A123 Systems (AONE) officially files for bankruptcy protection. The electric car battery maker...

A123 Systems (AONE) officially files for bankruptcy protection. The electric car battery maker warned last night it might file for bankruptcy after defaulting on a loan payment. It remains to be seen how the filing affects A123's financing deal with China's Wanxiang Group. Shares -50% to $0.12.

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Comments (17)
  • rambler1
    , contributor
    Comments (1049) | Send Message
    Another basket case supported by our gov't to the tune of $250mil. Let the free markets decide where the $'s get spent.
    16 Oct 2012, 09:05 AM Reply Like
  • bjervey
    , contributor
    Comment (1) | Send Message
    And cut all that gov't support for fracking R&D, too, right? Our natural gas boom is 100% due to decades of gov't support. And thank goodness for that. Energy innovation (whether fracking, nuclear, or renewables) is dependent on R&D support that the free market won't risk. Without it, we're back in the stone ages.
    16 Oct 2012, 09:41 AM Reply Like
  • desperado219
    , contributor
    Comments (8) | Send Message
    Please show me the proof of your statement re: gov't support for fracking R&D, nat gas boom 100% due to gov't support. I've been in the industry off/on for 30 years and your claim is news to me.
    16 Oct 2012, 10:18 AM Reply Like
  • JohnInMA
    , contributor
    Comments (45) | Send Message
    Why do people always point to every other subsidies, grants, incentives, etc., in an attempt to justify bad ones? It has a hint of jealously or envy to it. A type of, "they get it so why can't mine (my favorites)????"


    Perhaps if the federal government were focused on R&D and technology more than commercial subsidy renewable energy success would be much further along. It might not eliminate the currently rampant cronyism, but it would at least give the industries a better chance to overcome technical hurdles. And it's not as if tax dollars are not targeted at R&D to a large degree. Just look at the amount of monies allocated to academic research and the portion that is public funds (over half). One would expect better results - not necessarily in a technical deliverable but more in an entrepreneurial/business sense. There is a disconnect between public research and markets.
    16 Oct 2012, 11:23 AM Reply Like
  • caupachow
    , contributor
    Comments (527) | Send Message
    @bjervey 100% wtf are speaking about? When one makes a statement like that back it up with at least some made up facts.
    16 Oct 2012, 07:46 PM Reply Like
  • rabdoes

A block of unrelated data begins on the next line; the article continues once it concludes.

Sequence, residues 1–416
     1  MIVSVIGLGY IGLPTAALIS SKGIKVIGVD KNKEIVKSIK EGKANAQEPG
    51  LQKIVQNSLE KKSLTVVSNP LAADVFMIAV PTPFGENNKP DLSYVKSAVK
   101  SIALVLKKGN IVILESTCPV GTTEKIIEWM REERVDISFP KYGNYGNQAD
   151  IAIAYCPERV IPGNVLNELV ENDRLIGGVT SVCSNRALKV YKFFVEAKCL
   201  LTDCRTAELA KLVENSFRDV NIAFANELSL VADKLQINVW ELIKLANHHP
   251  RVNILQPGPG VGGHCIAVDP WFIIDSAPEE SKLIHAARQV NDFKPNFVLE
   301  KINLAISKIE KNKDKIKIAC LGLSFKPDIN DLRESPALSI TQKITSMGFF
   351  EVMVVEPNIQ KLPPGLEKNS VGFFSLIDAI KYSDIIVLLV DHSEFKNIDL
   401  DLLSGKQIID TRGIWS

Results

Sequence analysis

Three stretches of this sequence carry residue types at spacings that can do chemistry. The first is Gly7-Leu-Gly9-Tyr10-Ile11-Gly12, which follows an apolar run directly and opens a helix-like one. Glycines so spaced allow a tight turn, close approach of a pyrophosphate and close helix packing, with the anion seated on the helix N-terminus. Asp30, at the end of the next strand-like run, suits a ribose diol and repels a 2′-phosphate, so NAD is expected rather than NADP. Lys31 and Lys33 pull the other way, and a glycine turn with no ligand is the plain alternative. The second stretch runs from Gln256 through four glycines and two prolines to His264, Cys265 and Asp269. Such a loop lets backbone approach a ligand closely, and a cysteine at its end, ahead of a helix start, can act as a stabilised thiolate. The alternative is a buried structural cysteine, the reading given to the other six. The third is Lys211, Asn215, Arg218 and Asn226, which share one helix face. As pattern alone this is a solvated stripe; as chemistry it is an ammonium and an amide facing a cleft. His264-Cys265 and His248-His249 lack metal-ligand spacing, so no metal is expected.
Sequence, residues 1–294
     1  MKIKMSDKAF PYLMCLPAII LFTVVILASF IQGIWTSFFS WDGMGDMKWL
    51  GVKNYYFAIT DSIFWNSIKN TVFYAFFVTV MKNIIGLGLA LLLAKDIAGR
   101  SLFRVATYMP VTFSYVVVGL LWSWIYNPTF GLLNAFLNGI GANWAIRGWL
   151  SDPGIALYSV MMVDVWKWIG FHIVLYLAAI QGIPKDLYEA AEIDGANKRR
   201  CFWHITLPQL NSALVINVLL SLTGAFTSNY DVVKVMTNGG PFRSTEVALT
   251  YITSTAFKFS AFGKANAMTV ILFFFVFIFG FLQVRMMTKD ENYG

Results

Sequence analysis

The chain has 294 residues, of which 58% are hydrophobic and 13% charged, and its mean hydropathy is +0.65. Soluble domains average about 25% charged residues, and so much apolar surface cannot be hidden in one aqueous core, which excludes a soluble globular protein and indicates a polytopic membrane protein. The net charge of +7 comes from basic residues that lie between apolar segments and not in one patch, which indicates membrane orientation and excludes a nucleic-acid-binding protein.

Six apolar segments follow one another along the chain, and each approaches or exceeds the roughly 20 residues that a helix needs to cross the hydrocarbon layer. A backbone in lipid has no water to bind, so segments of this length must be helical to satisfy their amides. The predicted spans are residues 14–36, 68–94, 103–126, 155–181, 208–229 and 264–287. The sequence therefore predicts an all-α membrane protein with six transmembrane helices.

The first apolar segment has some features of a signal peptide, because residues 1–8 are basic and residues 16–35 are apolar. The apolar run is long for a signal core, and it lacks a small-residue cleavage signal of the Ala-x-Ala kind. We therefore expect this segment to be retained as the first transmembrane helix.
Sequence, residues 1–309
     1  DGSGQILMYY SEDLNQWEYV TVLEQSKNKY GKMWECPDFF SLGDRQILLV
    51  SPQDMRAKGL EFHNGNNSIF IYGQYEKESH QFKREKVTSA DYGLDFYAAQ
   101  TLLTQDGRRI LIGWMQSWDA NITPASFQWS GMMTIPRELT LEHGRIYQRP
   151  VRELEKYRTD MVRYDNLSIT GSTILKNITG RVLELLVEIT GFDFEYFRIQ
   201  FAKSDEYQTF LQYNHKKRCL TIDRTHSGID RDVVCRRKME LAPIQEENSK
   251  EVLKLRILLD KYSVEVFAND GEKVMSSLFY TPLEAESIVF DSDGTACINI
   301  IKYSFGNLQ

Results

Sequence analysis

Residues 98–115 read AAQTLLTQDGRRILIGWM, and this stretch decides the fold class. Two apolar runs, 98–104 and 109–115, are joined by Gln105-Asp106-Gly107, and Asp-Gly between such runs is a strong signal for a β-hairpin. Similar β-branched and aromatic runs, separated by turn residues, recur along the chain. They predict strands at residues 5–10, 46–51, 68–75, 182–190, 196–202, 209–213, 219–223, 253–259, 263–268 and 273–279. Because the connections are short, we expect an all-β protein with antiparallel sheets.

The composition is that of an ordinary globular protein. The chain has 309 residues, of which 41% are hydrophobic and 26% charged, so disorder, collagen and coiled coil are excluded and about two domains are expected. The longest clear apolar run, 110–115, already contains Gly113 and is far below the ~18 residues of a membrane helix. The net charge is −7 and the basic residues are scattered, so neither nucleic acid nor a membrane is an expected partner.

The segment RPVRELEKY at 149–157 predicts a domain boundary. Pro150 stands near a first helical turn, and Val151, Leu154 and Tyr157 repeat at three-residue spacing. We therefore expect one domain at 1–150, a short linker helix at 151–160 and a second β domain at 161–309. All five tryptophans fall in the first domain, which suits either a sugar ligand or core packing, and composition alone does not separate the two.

, contributor
    Comments (74) | Send Message
    There was a time Obammy would mention these guy's every time he came to Michigan.


    Maybe he should stay focused on health care. heheheheh
    16 Oct 2012, 09:14 AM Reply Like
  • rambler1
    , contributor
    Comments (1049) | Send Message
    Re: Obama focus on health care. Charlie Brown's reaction would be "AAAAAGGGGHHHHH!"
    21 Oct 2012, 05:29 PM Reply Like
  • Felix (amateur scientist)
    , contributor
    Comments (38) | Send Message
    Readers will recall that our very own John Peterson, contributor to Seeking Alpha, predicted this situation long ago based on existing financial information. Unfortunately naysayers doubted the financial information. I was surprised at the responses and reactions from the green side to John's former postings. He was simply predicting the inevitable based on the financial information available. I worked at a utility company that declared bankruptcy protection and eventually came out of bankruptcy. However, the utility had a revenue source - their captive utility customer. Unfortunately, A123 Systems does not have such a constant customer base. A stronger sales and business development plan is needed to build revenue.
    16 Oct 2012, 10:02 AM Reply Like
  • JohnInMA
    , contributor
    Comments (45) | Send Message
    Why would people who believe in and perhaps fight for no strings attached federal subsidy buy into a real financial analysis, even when performed by credible sources like John Peterson? After all, the point of many incentive programs is not usually to give a company or an entire industry a slight bump over a hurdle. More often, the programs are structured so that bureaucrats are given the power to select on a number of bases, of which that 'bump' MIGHT be one. But often it isn't. In the case of many 'clean' or 'green' subsidies the factors of viability are less important than changing market dynamics in favor of the chosen direction. It isn't yet obvious, but it may be reasonable to suspect post-Solyndra politics are a factor in the situation at AONE. Even with such a balance sheet, business model, and forecasts, I suspect there might have been further funding. Likely the potential deal with Wanxiang is a factor also, from a political angle.
    16 Oct 2012, 11:37 AM Reply Like
  • Ian Bezek
    , contributor